In the Netherlands, popular brewer Carlsberg has launched the largest trial to date of its biobased and fully recyclable beer bottles. Dubbed Fibre Bottle, 8,000 bottles will be distributed throughout Denmark, Sweden, Norway, Finland, United Kingdom, Poland, Germany and France at select festivals and flagship events, as well as targeted product samplings. Testing at this scale will give Carlsberg the opportunity to gather feedback on people’s experiences of the product, which will inform the next generation of design.
The key to the bottle’s performance is a plant-based polyethylene furanoate (PEF) lining developed by Avantium. PEF is made entirely from natural raw materials, is compatible with plastic recycling systems, and can degrade into nature should it end up outside national recycling systems.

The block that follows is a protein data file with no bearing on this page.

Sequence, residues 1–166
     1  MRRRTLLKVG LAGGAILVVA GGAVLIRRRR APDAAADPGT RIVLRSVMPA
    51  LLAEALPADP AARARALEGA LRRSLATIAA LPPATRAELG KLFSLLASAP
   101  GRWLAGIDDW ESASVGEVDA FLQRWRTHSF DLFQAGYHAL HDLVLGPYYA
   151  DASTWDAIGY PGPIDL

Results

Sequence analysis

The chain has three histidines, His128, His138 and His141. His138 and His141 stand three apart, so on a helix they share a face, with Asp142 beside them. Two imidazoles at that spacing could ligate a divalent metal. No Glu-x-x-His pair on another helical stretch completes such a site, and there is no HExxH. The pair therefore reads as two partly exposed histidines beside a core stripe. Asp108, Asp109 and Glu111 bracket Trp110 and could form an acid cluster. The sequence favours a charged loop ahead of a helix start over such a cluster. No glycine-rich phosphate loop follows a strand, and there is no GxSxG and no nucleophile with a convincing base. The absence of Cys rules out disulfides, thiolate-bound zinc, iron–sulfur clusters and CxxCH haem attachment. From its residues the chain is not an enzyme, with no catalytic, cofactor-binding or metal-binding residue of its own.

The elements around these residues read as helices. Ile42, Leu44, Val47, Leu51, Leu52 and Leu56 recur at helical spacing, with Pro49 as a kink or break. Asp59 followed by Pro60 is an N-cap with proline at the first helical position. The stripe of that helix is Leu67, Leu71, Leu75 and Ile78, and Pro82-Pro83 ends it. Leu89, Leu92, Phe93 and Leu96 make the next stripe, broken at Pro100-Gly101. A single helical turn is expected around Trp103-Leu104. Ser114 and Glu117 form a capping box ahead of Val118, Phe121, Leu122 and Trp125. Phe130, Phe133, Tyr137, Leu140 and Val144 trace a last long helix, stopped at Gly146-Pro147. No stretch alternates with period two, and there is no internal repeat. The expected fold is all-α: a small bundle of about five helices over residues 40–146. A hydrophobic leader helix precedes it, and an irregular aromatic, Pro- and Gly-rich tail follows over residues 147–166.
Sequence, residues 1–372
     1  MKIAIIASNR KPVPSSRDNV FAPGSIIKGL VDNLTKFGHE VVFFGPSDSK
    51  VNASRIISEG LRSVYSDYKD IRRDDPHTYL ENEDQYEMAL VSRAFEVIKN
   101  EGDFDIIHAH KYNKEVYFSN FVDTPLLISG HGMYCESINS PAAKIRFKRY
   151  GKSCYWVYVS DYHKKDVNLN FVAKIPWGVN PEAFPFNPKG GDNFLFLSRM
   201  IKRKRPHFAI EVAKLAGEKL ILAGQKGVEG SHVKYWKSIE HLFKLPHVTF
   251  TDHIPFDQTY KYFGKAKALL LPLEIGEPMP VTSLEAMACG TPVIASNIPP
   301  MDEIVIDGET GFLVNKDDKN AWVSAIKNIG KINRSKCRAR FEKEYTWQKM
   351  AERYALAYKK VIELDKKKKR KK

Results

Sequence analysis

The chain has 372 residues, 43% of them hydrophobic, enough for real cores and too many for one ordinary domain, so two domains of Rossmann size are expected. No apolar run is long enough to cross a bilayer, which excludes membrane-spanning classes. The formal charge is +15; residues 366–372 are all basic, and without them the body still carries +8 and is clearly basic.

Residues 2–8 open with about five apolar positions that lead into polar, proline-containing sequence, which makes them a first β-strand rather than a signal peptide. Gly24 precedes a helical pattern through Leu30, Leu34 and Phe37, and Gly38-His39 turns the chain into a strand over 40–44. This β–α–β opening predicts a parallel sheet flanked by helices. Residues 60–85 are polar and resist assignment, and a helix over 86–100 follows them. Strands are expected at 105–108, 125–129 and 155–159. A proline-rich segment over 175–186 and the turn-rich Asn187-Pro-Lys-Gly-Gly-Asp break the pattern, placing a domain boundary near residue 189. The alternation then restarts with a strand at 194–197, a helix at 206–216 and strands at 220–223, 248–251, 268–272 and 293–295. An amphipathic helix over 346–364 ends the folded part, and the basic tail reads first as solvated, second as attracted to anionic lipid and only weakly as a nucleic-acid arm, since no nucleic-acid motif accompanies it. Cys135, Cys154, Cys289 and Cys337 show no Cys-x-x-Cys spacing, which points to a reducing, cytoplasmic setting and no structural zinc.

Beyond its sustainable packaging benefits, PEF functions as a highly effective barrier between the beer and the fiber outer shell, protecting the taste and fizziness of the beer better than conventional fossil-fuel-based plastic.
“Identifying and producing PEF, as a competent functional barrier for beer, has been one of our greatest challenges—so getting good test results, collaborating with suppliers and seeing the bottles being filled on the line is a great achievement!” says Stephane Munch, VP Group Development at Carlsberg.
The outer shell of the bottle, produced by the packaging company Paboco, consists of sustainably-sourced wood fiber